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Crystal Good

When it comes to the debate over voting rights, one of our senators, Joe Manchin, D-W.Va., gets all the attention. So I want to focus on Republican Sen. Shelley Moore Capito’s opposition to and misleading statements about the For the People Act.

Sen. Capito has derisively referred to the bill as the “so-called” For the People Act, and has made numerous inaccurate claims about it, including that the bill will use government funding to support congressional campaigns.

Let’s start with the facts. Sens. Capito and Manchin represent West Virginia, a state where the average income is just over $25,000. How can we expect the average West Virginia voter to have any influence on political campaigns or on our elected officials? Since 2010, only 11 people have contributed a fifth of the $4.9 billion super PACs have raised for campaigning.

I think the people should pick our politicians — not just the wealthy campaign contributors. The For the People Act would help level the playing field, establishing a 6-to-1 matching system for congressional or presidential candidates who reject enormous contributions. That means that everyday West Virginians could increase their political influence sixfold.

The best part? It would cost taxpayers nothing. Instead, the matching system would be funded entirely through extra charges on settlements paid by wealthy tax dodgers and corporate scoundrels.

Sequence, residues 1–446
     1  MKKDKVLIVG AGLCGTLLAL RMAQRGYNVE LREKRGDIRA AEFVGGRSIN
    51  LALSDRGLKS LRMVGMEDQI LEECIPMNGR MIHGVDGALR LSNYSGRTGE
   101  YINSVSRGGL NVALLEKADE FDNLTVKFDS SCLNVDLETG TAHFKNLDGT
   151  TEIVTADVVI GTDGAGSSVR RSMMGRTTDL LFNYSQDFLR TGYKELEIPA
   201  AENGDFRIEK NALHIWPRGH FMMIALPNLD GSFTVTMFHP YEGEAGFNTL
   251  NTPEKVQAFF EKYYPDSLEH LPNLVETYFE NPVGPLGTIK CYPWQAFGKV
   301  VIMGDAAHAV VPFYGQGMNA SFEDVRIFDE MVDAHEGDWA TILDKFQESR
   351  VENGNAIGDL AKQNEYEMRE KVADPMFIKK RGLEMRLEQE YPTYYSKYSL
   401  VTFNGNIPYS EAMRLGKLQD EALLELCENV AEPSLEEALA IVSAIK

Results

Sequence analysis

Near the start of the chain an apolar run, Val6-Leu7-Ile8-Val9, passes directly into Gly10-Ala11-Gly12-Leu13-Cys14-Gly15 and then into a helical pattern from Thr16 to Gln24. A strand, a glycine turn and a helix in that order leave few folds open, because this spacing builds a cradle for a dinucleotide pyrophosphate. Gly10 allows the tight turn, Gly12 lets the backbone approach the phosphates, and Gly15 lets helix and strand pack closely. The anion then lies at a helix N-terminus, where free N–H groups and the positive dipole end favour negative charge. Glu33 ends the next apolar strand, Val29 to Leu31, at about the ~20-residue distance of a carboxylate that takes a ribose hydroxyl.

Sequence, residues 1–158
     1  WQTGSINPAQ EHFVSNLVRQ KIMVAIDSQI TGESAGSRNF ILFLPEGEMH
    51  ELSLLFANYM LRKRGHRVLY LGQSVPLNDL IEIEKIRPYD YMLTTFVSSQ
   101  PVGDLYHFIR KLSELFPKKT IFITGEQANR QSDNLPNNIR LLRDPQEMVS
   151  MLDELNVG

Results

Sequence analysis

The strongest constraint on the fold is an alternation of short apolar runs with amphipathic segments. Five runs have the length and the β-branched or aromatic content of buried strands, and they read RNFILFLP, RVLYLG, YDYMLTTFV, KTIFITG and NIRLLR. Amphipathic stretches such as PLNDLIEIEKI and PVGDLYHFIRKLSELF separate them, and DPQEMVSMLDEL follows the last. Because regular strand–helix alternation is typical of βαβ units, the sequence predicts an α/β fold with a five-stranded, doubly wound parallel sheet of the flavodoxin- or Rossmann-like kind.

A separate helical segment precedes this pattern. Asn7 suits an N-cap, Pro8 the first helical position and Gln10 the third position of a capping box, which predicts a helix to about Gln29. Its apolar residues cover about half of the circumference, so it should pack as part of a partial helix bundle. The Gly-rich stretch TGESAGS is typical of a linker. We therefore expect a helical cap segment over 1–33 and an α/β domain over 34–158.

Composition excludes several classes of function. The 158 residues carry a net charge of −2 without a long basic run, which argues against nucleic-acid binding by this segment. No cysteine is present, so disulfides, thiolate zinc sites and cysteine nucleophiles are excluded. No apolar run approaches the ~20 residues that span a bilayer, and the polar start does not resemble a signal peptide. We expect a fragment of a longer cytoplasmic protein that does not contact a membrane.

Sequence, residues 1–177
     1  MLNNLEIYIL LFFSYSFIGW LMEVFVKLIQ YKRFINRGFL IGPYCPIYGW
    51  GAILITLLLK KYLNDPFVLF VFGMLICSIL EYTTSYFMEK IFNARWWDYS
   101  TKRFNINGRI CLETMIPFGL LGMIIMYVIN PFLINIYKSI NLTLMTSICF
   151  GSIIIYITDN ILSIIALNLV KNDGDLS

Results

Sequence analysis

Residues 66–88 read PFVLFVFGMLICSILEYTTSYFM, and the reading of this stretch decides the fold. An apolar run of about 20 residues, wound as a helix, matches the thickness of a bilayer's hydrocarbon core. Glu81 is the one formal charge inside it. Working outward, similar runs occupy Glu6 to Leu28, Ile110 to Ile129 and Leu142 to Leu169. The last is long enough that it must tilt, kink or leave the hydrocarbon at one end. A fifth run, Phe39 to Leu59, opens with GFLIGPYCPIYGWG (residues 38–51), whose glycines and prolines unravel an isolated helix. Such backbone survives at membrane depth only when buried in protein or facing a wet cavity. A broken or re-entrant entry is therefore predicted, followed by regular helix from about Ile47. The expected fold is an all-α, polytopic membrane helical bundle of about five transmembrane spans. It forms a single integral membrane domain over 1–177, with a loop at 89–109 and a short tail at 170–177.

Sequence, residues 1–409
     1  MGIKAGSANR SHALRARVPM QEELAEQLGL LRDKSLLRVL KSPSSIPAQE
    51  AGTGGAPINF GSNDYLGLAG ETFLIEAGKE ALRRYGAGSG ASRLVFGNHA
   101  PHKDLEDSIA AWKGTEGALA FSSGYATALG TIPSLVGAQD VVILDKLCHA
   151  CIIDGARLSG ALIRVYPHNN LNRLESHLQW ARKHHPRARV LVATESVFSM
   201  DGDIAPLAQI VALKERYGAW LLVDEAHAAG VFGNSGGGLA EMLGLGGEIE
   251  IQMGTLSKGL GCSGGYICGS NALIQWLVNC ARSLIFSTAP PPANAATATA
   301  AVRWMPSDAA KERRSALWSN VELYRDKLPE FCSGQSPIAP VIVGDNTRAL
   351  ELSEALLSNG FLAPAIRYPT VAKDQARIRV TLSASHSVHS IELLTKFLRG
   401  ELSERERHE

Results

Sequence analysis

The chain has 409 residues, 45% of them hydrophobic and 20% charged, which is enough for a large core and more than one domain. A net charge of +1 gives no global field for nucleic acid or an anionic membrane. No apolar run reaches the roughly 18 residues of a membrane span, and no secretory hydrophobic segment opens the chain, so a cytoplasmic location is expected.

We can’t afford to miss this opportunity to help all West Virginians participate in our political landscape. Passing the For the People Act would offer autonomy and respect in the caste system of Appalachia. It offers people — real people without political, social and economic capital — to find their way into the political sphere.

In calling it the “so-called” For the People Act, Sen. Capito is telling us who she thinks should have influence on the democratic process — her corporate donors, not her constituents. Please join me in calling on Sens. Capito and Manchin to support the For the People Act.

Crystal Good is a sixth-generation West Virginian, Affrilachian artist and digital media entrepreneur.

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